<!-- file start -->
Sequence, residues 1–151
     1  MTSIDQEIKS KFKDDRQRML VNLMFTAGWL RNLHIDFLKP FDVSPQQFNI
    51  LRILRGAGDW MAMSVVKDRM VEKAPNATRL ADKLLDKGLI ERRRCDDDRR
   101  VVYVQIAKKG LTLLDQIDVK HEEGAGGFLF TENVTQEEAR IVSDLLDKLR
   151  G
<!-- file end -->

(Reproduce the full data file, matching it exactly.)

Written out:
Sequence, residues 1–151
     1  MTSIDQEIKS KFKDDRQRML VNLMFTAGWL RNLHIDFLKP FDVSPQQFNI
    51  LRILRGAGDW MAMSVVKDRM VEKAPNATRL ADKLLDKGLI ERRRCDDDRR
   101  VVYVQIAKKG LTLLDQIDVK HEEGAGGFLF TENVTQEEAR IVSDLLDKLR
   151  G